by Nick Faris, courtesy Queen's Journal
Nate Kerstens’ mind immediately turned to Bishop’s.
The fifth-year men’s lacrosse captain didn’t hesitate when asked to name the most memorable game of this season, his team’s best in recent memory.
He’d tasted victory against the perennially strong Gaiters once before — and nothing was sweeter than finally doing it again, in an 8-7 win on Sept. 15.
“We haven’t beat Bishop’s since I was in first year,” Kerstens said. “I’m the only remaining guy on the team that had beaten Bishop’s before. We used to get killed by them.”
Two years removed from rock bottom — a 0-10 season in the Canadian University Field Lacrosse Association (CUFLA) — Gaels lacrosse has gone from doormat to dangerous, catapulting from the cellar to championship contention.
The September win over Bishop’s was an early bonus in a 7-3 campaign, Queen’s best-ever finish. Tomorrow, the Gaels will host the Trent Excalibur (4-6) in a wild-card playoff matchup.
If they win, they’ll advance to the?CUFLA?championship tournament for the first time.
“It’s definitely a big turnaround,” Kerstens said. “In the past, we’ve relied on individuals, moreso. Now, it’s a little more spread out — a lot of good players.”
This sudden influx of depth forced the Gaels to make pre-season cuts in 2013 — another first in team history, according to Kerstens. Without formally recruiting high school athletes, they’ve surged up the standings on the backs of increasingly talented walk-ons.
A third of Queen’s 35-man roster is made up of rookies, while second-year attackers Brendan Zoehner and Alex Wright led the squad in scoring.
“Each year we keep getting better and better rookie classes in,” Kerstens said.
Queen’s growth has coincided with lacrosse’s overall expansion in Canadian universities.CUFLA?has featured 13 teams in Ontario and Quebec since 2012, with the Ottawa Gee-Gees and Nipissing Lakers set to join in the coming seasons.
The league has recently featured remarkable parity, with a different team claiming the championship in each of the last five seasons.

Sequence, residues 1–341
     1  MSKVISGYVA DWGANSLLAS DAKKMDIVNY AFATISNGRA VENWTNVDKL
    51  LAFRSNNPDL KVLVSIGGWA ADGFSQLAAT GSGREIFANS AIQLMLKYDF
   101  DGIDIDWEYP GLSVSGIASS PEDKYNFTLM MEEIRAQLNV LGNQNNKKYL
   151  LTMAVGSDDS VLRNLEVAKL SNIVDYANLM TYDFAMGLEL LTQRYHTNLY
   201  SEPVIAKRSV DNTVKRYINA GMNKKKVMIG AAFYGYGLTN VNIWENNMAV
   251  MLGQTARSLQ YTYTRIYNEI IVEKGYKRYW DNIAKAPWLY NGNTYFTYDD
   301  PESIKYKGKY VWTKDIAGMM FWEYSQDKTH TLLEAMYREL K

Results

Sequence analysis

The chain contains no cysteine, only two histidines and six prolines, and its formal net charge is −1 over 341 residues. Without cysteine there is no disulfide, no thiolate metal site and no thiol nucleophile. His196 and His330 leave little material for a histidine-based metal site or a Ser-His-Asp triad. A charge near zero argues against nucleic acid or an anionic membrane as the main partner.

“The skill level’s increased significantly, even over the five years I’ve been here,” Kerstens said. “It just keeps growing and growing. We’re getting more and more teams and more and more players.”
Queen’s quest for the Baggataway Cup —?CUFLA’s championship trophy — is relatively distinct among Gaels teams. Unlike women’s lacrosse and most other varsity sides, they aren’t vying for an?OUA?title.
Instead,?CUFLA?operates as an independent circuit. It’s the preeminent lacrosse league for Canadian universities, tasked with persuading homegrown players to stay home.
“A lot of Canadians go to the States, but hopefully if we improve it here, we can get some guys to stay,” Kerstens said.
One current Gael who benefited from his Canadian stay was midfielder Nick Weiss, picked 17th overall in last month’s National Lacrosse League draft by the Vancouver Stealth.
A graduate of the Junior A Peterborough Lakers, Weiss scored twice in Queen’s first faceoff with Trent this season, a 13-10 road victory on Oct. 5.
The Gaels prevailed 16-11 in their second matchup last Saturday, buoyed by an unusually keen student audience.
“We had a really big crowd last weekend for Homecoming against Trent, because we were on Tindall [Field] and people were walking by,” Kerstens said.
Tomorrow’s playoff tilt is slated to take place at West Campus, with the possibility of an eastward trek coming next. The undefeated McGill Redmen will host the Baggataway Cup tournament next weekend in Montreal.
Before history can be made, though, there’s one more game to play.
“We’ve had a couple close games, but I think we can beat [Trent],” Kerstens said.
“Then, onto the final six and Baggataway, and hopefully do some damage there. We’ve got to win?first.”